Although it’s not happening with much fanfare or hyperbole, a once-in-a-generation change is sweeping the mortgage industry. After years of strategic focus on sales, revenue, product and growth, lenders and service providers alike are beginning to shift their focus.
Compelled by both a volatile market and compliance-driven changes, processes and operations (as they relate to quality, compliance and costs) are, in many cases, taking an equal footing to the revenue-driven models of the past. As a result, we’re seeing the rise of more comprehensive, embedded technology; a greater use of qualified third-party outsourcing; and even a philosophy that focuses on continuous business process improvement.
While the most obvious manifestation of this change is being called everything from “The Digital Transformation” to “eMortgage,” the evolution is much deeper than loan application and origination technology. While talk of Quicken Loans’ Rocket Mortgage innovation or numerous “end-to-end” digital solutions coming to fruition is all the rage, this trend runs much deeper.
At the core of the quiet revolution sweeping our industry is the change we are looking at. Arguably, it’s least understood and is the most process-oriented segment. While it takes only real estate professionals and loan officers to facilitate the origination segment of a home-buying experience, the phase that takes place between the approval from underwriting and/or the finalization of the sales agreement and the closing is usually more complicated. That’s in large part because, for decades, this settlement services phase has involved multiple touch points, numerous service providers, disparate systems or even manual processes, and above all, a patchwork mosaic of state laws and federal regulations, making a closing in one state very different from a closing in another.
And yet, this, too, is changing – perhaps a move for the better with regard to both the service providers themselves and the consumer. While this article will focus on the stealthy but massive changes overtaking the settlement services phase of the mortgage (title insurance, appraisal, inspection and closing), it also serves as an example for the many elements of the mortgage transaction undergoing similar changes.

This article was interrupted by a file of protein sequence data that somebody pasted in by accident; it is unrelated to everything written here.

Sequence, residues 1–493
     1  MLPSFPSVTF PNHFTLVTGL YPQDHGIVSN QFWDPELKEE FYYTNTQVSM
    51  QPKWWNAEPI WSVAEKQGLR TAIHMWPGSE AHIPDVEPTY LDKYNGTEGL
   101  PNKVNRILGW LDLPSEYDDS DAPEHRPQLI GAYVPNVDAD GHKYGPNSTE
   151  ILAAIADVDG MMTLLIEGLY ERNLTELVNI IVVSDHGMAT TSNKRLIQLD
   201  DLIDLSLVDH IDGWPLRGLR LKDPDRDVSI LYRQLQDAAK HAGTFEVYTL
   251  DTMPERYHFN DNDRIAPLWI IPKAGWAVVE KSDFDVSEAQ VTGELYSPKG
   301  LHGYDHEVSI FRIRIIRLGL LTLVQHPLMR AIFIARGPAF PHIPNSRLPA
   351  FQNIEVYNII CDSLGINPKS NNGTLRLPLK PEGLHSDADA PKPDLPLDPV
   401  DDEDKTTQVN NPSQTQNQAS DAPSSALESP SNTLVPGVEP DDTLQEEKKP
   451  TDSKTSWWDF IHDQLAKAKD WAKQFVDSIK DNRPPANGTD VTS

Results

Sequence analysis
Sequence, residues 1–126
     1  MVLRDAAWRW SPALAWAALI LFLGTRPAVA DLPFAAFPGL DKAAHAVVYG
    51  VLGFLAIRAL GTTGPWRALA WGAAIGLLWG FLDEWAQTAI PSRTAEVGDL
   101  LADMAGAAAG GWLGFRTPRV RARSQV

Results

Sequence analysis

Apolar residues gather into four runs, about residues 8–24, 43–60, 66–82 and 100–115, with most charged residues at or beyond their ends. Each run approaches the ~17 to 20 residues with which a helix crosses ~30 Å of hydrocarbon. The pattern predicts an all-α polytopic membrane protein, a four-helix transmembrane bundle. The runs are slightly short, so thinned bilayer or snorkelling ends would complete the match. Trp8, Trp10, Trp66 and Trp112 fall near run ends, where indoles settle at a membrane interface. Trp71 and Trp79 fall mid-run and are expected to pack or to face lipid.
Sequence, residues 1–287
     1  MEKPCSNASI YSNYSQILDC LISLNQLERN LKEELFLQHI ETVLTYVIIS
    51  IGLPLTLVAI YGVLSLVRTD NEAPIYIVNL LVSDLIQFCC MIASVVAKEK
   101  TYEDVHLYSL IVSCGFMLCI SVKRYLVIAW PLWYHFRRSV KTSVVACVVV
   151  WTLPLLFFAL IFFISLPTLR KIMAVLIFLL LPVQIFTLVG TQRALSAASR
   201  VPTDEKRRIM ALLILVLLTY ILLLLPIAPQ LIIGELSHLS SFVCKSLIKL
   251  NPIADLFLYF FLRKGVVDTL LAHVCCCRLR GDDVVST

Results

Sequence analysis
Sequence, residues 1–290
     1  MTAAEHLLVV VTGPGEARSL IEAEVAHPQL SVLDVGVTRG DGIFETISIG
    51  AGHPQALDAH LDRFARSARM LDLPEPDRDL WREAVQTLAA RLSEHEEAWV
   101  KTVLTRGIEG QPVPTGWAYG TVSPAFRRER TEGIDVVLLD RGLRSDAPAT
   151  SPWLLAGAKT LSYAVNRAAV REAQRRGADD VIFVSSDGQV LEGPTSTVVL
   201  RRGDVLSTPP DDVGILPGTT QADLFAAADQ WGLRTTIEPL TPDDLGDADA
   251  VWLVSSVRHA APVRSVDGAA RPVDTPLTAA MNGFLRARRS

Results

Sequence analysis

Setting the stage for change
For decades, the traditional title agency followed a business model akin to the closely held private law firm. The reasons for this are simple: In many states, title agents must actually be licensed attorneys. Accordingly, the typical title agency kept operational functions (title search and abstract, escrow, closing, etc.) either in-house or on a short leash – even though this model resulted in higher operating costs. Why?
Most agents would tell you that quality was the driving factor in keeping much of their production internal. In the past, outsourcing or offshoring (especially for online title searches) was fairly equivalent to cutting corners. Many of these outsourcing providers lacked expertise, experience and an understanding of the many quirks common to local county clerks or records. Thus, outsourcing functions such as simple title searches amounted to accepting a higher error rate for the sake of cost – not a good formula for client retention.
Ironically, some service providers kept most production functions in-house for just that reason – to save costs. The thinking was that using internal resources to search for tax liens, execute title curative or undertake local searches would actually save the provider money.
However, in many cases, the opposite was true. The model discounted the very real cost (time and expense) of using internal resources for such functions. More importantly, that model opened the door to the need for additional staff (more expensive than contracted or outsourced work), to say nothing of higher error rates and redundant functions (e.g., the rekeying of data).
Finally, and perhaps at the root of the old model for operational functions, many service providers preferred the control of keeping those functions in-house. Even before the Consumer Financial Protection Bureau declared that lenders would be held accountable for the actions of service providers, a good number of title service providers simply preferred to have their proverbial hands on as many elements of the transaction as possible. The stated reasons for this were numerous: oversight, accountability and proximity. Over time, however, it became apparent to many that such a model also led to increased costs – sunk costs, even, when the client pulled a title order before it reached closing.